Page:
Tuesday, August 27, 2019

Farm Update

I've been kind of bummed out working on the farm these past two weeks. It's been far too wet for my liking. Lots of rainy nights and even a few day long rains. It's resulted in water laying here and there in the gardens due to the sub-rock being pahoehoe lava. I've been working in the rain, which surprisingly I don't really mind all that much. The rain hasn't been cold. But my feet complain about being too wet for too long. And then, there are plenty of things that I want to do that just won't work in the rain, such as till the gardens and mow the grass. 

Some of the plants aren't happy with all the rain either. Several of gardens of green onions came down with rot and died. The potato boxes have stopped giving me big tubers, so I'm ending up with far less than half the anticipated harvest. 

On the plus side, all the rain has meant that most of my cuttings are taking. I planted plenty of chaya, cholesterol spinach, pineapple suckers, and sweet potato cuttings....they all rooted. That was amazing. Normally there will be a percentage that fail.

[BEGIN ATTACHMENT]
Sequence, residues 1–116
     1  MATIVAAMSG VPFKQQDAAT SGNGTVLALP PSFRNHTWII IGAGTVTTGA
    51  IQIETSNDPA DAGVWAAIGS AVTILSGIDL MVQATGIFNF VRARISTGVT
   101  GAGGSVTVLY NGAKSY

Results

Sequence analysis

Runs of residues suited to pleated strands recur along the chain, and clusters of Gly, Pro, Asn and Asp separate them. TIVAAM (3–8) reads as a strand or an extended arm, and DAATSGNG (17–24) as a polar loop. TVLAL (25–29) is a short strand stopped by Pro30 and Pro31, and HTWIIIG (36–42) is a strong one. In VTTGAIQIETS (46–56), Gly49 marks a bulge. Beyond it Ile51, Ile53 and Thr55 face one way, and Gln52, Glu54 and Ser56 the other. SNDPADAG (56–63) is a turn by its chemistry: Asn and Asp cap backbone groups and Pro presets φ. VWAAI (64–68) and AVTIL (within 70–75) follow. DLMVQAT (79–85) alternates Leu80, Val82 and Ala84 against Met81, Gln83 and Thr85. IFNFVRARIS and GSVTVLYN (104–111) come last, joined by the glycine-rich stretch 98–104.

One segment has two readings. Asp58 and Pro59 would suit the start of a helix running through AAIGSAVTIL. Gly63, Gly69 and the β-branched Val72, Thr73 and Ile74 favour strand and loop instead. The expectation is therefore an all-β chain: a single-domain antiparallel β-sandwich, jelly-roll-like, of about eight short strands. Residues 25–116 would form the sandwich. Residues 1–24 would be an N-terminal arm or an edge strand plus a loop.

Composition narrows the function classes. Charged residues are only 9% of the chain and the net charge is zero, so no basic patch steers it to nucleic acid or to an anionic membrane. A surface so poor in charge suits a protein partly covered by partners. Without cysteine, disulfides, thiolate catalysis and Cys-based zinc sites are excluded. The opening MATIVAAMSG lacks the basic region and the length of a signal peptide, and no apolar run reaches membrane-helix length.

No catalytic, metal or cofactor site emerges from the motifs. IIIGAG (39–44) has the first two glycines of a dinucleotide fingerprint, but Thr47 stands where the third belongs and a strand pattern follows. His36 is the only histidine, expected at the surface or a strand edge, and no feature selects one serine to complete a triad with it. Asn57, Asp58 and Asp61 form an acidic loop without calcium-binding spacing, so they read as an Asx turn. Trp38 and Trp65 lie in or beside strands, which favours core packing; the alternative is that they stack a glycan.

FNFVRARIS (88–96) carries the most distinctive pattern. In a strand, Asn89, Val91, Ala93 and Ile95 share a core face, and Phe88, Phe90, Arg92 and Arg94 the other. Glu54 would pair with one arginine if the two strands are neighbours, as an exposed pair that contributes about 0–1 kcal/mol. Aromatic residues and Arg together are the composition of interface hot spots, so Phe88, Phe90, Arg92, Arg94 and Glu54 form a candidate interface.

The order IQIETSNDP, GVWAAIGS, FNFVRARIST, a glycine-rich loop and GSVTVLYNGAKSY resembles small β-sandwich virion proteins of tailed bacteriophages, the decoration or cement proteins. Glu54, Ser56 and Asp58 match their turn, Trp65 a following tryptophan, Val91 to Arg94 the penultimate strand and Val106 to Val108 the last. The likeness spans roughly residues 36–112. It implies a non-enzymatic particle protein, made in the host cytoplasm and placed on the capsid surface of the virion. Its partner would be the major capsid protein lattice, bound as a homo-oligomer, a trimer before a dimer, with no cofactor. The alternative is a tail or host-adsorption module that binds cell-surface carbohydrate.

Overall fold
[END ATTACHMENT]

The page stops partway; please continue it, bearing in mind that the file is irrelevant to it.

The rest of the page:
Since it appears that the climate change means that the farm gets more consistent rain, I need to think about protecting crops from excess moisture. Surely I could grow most things in greenhouses or high tunnels, but that means a major expense. I'm not ready to do that. In fact, I'm at the point where I want this farm to support itself. So the farm needs to earn money in order to build greenhouses or tunnels, or roofs of some sort over certain gardens. I'm going to have to mull this over. 

On another note, I've captured and sold the pigs. I broke down and purchased a professionally made pig trap. It wasn't cheap, but the sale of all the pigs actually paid for it. On my next post I'll show you this new fancy trap. 

1 comment:

  1. I don't know which is worse, too much rain or not enough. I suppose with drought at least the plants can be watered, whereas with too much rain there's nothing that can be done for water logging. Dan has mentioned large greenhouses, but like you point out, that's an expensive endeavor.

    Curious about your pig catcher! Nice to hear it's already paid for itself. All the more useful next time.